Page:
Record snowstorms have struck the Mid-Atlantic this winter and record cold has struck Florida and the southeast. Some say it's the start of global cooling; others see it as a sign of global warming. I say, they are both wrong!
And, if you want more fodder to chew on, check out the - latest Time magazine article to see how weather information can be used to incorrectly arrive at climate change conclusions. You can read most liberal news reports or listen to most conservative radio talk show hosts.
Then consider the following:
If you think that the weather is now cooling, then you have to acknowledge that for the past 25 to 100 years that it has been warming.
And, if you think that these storms and other recent events are so extreme because of global warming, then how do you explain all of the records that still remain on the record books from decades past (some even back to the turn of the 19th century?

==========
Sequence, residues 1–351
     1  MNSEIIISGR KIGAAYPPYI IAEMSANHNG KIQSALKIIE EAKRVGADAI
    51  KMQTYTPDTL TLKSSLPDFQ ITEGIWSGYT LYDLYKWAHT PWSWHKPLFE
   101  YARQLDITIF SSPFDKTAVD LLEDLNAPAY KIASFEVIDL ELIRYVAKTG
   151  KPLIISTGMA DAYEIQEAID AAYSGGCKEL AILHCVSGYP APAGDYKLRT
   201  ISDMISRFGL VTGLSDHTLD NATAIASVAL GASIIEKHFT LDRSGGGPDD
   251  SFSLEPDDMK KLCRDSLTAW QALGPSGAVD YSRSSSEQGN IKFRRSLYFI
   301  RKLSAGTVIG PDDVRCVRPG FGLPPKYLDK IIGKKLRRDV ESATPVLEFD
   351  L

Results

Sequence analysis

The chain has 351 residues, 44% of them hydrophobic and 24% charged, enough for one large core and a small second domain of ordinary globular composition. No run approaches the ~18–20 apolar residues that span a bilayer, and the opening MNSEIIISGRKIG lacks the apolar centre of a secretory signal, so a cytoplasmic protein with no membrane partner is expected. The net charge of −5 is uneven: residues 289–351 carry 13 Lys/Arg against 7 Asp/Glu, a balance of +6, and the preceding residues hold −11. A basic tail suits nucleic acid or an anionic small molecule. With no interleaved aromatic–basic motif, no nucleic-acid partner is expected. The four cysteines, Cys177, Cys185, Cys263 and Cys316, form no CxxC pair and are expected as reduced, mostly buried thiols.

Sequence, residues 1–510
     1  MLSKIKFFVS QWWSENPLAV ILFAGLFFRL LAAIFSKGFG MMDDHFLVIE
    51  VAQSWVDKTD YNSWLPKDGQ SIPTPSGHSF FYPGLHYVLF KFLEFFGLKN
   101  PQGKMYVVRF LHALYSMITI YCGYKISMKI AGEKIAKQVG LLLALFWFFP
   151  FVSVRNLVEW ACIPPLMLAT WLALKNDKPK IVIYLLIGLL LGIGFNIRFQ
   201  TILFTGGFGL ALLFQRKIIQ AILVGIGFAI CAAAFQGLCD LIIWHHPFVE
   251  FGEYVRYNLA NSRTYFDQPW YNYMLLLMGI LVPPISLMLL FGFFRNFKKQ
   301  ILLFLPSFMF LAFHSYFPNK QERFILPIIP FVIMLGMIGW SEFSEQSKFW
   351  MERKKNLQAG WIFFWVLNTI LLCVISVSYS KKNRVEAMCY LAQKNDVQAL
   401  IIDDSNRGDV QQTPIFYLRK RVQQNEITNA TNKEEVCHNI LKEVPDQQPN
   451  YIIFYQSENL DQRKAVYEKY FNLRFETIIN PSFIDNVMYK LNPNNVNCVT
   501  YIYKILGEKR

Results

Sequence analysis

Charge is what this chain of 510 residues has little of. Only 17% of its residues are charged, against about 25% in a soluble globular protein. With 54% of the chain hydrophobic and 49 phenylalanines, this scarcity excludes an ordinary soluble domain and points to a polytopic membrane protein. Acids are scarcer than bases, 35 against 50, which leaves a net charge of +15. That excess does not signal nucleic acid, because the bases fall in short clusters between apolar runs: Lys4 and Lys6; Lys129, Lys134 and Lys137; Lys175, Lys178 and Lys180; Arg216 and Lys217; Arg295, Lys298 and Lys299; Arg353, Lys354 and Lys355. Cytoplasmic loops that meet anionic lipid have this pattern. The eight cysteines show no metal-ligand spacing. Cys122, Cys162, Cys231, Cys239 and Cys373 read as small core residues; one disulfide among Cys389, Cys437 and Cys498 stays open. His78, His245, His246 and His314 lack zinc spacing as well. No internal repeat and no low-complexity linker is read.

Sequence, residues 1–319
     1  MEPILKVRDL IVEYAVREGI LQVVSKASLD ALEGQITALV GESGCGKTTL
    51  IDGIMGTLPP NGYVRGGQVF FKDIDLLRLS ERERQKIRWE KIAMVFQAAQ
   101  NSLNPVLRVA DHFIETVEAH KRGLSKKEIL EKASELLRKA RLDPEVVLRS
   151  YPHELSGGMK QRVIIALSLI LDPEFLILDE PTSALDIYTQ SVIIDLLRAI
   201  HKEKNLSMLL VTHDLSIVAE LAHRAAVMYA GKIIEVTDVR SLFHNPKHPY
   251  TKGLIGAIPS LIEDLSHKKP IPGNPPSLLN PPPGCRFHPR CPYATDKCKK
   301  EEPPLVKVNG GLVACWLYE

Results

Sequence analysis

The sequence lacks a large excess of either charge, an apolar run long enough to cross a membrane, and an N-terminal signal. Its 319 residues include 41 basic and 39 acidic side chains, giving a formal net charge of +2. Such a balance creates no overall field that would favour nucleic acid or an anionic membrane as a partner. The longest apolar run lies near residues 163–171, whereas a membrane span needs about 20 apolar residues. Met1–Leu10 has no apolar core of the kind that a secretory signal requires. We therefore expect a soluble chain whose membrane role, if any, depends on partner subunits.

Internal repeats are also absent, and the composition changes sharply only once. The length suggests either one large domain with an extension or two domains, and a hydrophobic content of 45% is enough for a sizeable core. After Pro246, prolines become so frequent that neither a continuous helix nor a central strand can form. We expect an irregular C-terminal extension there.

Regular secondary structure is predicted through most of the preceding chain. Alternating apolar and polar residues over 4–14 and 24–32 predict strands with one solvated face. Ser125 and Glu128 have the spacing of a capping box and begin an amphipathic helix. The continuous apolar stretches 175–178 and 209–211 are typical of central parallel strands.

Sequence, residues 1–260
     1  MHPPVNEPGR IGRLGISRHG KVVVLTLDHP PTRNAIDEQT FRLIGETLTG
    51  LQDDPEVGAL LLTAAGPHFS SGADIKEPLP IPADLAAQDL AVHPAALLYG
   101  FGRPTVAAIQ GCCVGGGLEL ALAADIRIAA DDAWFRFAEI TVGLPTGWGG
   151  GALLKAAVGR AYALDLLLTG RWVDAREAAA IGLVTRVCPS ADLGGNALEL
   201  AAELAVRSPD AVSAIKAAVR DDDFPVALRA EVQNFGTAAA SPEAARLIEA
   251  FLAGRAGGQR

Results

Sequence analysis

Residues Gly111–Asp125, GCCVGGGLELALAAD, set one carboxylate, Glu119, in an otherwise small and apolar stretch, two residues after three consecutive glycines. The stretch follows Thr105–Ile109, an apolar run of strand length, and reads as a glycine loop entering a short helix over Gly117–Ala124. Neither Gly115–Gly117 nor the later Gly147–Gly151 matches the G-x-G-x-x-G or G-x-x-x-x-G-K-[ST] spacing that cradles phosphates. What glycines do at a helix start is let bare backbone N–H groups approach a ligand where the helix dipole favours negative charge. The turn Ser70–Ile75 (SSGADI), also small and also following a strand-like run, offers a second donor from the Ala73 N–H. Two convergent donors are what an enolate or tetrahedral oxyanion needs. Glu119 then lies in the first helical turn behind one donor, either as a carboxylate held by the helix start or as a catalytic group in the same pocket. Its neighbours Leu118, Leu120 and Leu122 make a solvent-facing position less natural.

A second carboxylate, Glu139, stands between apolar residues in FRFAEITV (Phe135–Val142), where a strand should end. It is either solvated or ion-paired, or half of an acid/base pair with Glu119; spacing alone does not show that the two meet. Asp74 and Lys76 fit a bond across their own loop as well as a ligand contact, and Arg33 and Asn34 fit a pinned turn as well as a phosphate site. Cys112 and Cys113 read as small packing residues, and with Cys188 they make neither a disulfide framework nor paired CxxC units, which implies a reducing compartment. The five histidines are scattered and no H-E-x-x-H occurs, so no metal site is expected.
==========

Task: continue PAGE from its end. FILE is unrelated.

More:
No, one can't have it both ways.
Rather, let's look at weather for what the most recent events (those mentioned above and others) - the day to day change in the condition of the atmosphere. For climate change, one has to look to scales of tens of thousand years and longer (really a lot longer). And, this period is far longer then most would acknowledge spans known human history or existence.
Even within a long-term climatic framework, one can find short period variations (e.g., the most recent "Little Ice Age" some 500 years ago). And superimposed on this variability, comes even shorter term variations and then short-term weather variability.
Thus, I think that the so-called 30-year "climate normals" used by NOAA to determine what average temperature and rainfall should be (and which is updated every 10 years on a running basis) should be referred to as "average" without any mention of climate. I think this short-term reference to climate is what has helped to muddy the climatic landscape. It also puts proponents on both sides of the climatic change fence to reference specific storm or extreme events as proof of their side's validity.